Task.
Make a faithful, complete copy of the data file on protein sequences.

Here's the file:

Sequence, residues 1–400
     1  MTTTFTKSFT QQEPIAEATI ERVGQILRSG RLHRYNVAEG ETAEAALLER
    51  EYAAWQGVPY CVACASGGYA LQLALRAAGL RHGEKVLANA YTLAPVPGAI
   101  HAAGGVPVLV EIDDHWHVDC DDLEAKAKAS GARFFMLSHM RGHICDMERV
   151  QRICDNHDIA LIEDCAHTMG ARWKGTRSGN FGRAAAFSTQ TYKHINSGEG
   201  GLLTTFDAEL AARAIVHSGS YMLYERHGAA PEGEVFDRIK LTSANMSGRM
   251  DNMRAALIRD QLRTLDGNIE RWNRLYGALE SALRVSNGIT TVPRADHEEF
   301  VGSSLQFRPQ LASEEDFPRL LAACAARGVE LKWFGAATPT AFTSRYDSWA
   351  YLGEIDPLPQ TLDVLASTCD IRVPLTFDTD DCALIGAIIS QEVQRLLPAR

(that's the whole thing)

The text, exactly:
Sequence, residues 1–400
     1  MTTTFTKSFT QQEPIAEATI ERVGQILRSG RLHRYNVAEG ETAEAALLER
    51  EYAAWQGVPY CVACASGGYA LQLALRAAGL RHGEKVLANA YTLAPVPGAI
   101  HAAGGVPVLV EIDDHWHVDC DDLEAKAKAS GARFFMLSHM RGHICDMERV
   151  QRICDNHDIA LIEDCAHTMG ARWKGTRSGN FGRAAAFSTQ TYKHINSGEG
   201  GLLTTFDAEL AARAIVHSGS YMLYERHGAA PEGEVFDRIK LTSANMSGRM
   251  DNMRAALIRD QLRTLDGNIE RWNRLYGALE SALRVSNGIT TVPRADHEEF
   301  VGSSLQFRPQ LASEEDFPRL LAACAARGVE LKWFGAATPT AFTSRYDSWA
   351  YLGEIDPLPQ TLDVLASTCD IRVPLTFDTD DCALIGAIIS QEVQRLLPAR